Next up, I attended a meeting on hybrid sweetener systems where they discussed new approaches to sweetening foods to help combat the obesity epidemic. They are noticing that customers are demanding “better and healthier” food products. Dr. Walters of Rosalind University of Medicine and Science started off the talks by stating that soft drinks have been linked to the obesity problem. He noted that the sweet taste receptor was identified between 2001 and 2003. According to the lecture, it has been found that combining different sweeteners together in a product formulation actually increases the sweetness and they suspect it has to do with different molecules affecting varied sites on the sweet taste receptor. The speakers had discussed a new sweetener called Talin by Naturex. Talin is a sweetener derived from a West African fruit called katemfe according to the companies website. It is low in calories and when combined with Stevia it improves the taste profile. Stevia usually has a bitter aftertaste to it but when it is combined with Talin you find a smoother and more pleasant sweetness. Later on, I attended an educational session entitled, “Nutragenomics and Angiogenesis: How Food Influences the Common Denominator in Health.” Angiogenesis helps maintain a healthy physiological state but when it is not in balance, it can lead to health problems like obesity and cancer. The speakers noted that dietary intervention can suppress these processes and discussed the gene mechanisms involved.
There was a talk given by Mr. David W. Robson, Head of Energy and Environmental Foresight with the Scottish Government that I sat through entitled, “Food, Water, Energy Nexus: Surprise is Inevitable, Being Unprepared is Not.” He stressed the importance of starting to prepare for the inevitable calamity that is to hit mankind in the coming years due the effects of climate change on food, energy and water. It was noted that climate change impacts economic, food, global stability and biodiversity. Environmental, social and technological changes require that we increase centrality of resources to human security, national prosperity and social well being. The perfect storm which can stress physical and biochemical systems and these now fragile systems can amplify issues of equity according to Mr. Robson. He predicts that water scarcity and stress would occur in 2025. Additionally he expects a globally integrated market for fresh water in 20 to 30 years. Water, he reported, is currently traded like wheat and its’ consumption is doubling every 20 years.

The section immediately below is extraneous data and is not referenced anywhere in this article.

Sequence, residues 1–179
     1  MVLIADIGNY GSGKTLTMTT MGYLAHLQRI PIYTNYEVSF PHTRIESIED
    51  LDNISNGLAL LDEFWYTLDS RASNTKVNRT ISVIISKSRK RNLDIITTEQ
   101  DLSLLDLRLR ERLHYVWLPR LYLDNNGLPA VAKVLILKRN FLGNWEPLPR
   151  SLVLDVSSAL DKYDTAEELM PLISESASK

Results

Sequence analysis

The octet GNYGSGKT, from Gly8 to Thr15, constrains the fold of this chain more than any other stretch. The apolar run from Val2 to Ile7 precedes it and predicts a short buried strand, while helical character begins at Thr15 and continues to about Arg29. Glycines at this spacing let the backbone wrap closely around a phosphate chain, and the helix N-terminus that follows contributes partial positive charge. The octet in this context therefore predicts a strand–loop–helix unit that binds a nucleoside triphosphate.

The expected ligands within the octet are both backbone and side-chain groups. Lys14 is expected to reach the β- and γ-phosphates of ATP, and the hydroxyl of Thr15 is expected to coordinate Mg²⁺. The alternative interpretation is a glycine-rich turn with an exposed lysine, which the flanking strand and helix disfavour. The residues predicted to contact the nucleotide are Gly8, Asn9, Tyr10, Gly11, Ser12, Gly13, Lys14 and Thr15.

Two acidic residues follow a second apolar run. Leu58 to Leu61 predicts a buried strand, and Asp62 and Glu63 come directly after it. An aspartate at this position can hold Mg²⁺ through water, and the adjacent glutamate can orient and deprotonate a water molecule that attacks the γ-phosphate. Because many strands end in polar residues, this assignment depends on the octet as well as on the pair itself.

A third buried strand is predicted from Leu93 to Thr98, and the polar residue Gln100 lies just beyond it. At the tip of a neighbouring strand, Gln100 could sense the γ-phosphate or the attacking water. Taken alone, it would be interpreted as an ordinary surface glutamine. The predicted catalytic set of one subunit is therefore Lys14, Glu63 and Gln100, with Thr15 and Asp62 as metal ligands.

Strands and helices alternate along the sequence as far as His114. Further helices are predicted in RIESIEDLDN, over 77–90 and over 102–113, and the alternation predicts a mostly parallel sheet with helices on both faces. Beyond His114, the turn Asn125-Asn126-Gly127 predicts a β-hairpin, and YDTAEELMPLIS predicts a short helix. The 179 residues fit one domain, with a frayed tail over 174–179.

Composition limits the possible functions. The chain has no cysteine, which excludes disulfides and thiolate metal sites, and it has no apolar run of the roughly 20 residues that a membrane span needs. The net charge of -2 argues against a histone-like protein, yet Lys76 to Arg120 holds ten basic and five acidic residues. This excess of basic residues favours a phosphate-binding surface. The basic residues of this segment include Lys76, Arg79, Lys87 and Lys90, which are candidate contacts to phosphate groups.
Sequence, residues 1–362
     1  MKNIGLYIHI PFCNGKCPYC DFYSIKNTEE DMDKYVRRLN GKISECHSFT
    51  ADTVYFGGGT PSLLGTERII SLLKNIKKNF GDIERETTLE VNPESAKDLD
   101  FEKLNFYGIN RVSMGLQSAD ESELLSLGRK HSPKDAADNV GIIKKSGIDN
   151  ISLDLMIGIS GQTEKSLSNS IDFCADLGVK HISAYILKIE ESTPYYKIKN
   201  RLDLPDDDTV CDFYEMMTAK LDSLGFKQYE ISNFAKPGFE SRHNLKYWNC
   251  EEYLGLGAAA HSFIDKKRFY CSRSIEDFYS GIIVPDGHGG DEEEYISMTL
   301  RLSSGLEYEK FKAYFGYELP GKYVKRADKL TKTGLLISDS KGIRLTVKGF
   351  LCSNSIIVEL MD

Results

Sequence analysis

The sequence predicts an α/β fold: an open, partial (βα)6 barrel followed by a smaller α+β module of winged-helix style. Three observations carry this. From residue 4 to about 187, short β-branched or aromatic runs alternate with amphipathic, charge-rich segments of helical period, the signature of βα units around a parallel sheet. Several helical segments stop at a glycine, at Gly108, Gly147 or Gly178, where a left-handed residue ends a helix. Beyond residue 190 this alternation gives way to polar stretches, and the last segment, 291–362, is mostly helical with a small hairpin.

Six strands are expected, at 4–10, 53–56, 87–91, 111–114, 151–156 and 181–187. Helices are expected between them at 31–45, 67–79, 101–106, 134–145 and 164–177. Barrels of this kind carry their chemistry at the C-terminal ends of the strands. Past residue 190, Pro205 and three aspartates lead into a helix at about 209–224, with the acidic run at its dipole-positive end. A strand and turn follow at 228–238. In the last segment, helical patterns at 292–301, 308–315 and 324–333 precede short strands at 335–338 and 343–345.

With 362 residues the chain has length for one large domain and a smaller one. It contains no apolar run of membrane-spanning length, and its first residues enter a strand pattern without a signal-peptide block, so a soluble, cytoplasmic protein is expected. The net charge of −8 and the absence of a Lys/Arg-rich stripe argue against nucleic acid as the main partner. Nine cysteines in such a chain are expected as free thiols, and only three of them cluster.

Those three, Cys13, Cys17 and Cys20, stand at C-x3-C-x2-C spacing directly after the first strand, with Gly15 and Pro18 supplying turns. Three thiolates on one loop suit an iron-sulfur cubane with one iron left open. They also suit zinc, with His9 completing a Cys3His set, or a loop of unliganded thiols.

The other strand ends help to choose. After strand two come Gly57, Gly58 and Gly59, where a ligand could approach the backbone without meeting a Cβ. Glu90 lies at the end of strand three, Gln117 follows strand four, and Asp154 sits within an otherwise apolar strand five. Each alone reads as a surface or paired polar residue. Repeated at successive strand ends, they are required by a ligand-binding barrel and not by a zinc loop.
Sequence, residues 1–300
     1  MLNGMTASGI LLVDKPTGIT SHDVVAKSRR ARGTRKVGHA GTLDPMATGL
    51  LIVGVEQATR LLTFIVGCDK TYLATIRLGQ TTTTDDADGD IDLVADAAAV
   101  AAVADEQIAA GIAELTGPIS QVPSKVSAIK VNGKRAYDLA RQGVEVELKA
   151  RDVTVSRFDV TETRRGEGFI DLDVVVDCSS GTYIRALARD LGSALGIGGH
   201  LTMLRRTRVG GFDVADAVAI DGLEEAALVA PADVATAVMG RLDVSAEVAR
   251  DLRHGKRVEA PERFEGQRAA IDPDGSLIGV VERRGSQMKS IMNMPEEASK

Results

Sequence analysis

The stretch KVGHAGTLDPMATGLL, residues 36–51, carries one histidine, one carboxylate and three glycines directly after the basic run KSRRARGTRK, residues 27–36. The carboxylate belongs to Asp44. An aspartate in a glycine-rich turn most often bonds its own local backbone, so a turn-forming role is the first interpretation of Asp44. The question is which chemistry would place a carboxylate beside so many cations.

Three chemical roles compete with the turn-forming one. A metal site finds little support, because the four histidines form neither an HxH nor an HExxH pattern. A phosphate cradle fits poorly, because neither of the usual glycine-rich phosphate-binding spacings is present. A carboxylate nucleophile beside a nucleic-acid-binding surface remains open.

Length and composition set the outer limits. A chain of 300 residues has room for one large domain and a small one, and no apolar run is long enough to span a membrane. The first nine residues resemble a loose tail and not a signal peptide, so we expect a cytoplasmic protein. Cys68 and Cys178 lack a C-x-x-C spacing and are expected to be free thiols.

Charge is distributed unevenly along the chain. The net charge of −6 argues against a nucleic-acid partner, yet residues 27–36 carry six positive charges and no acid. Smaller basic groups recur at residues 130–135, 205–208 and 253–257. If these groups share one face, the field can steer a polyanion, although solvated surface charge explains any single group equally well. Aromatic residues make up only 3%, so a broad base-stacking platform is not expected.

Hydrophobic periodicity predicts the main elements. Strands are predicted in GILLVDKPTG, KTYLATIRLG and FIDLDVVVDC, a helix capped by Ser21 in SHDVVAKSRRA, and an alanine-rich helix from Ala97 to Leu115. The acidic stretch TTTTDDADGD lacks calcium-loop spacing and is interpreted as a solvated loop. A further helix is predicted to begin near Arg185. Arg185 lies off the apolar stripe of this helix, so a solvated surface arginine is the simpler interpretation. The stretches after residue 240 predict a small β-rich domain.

Overall, I enjoyed my experience at IFT. I was able to network with fellow RD’s and even had the chance to speak with the President of the Academy of Nutrition and Dietetics, Dr. Ethan Bergman. There was talk of the possible expanding role of supermarket RD’s in healthcare as Obamacare gets underway due to the fact that more American’s will be insured. It was also exciting to visit the city of Chicago and experience it’s grandeur. The Taste of Chicago, a food festival held once a year was a feast for the senses and was walking distance from where I was staying. The food industry doesn’t have the cleanest reputation when it comes to promoting health and wellness. They have a long ways to go to improve upon that, which appears to be their goal. Given the global food culture, the food industry will continue to play an important role in feeding the global population. From attending their events, it is my understanding that they are aware of the harmful effects of the western processed diets on health. Traditional whole foods were touted as health promoting. It will be interesting to see what the future holds with respect to the food industry’s response to the coming food crises and the current obesity epidemic.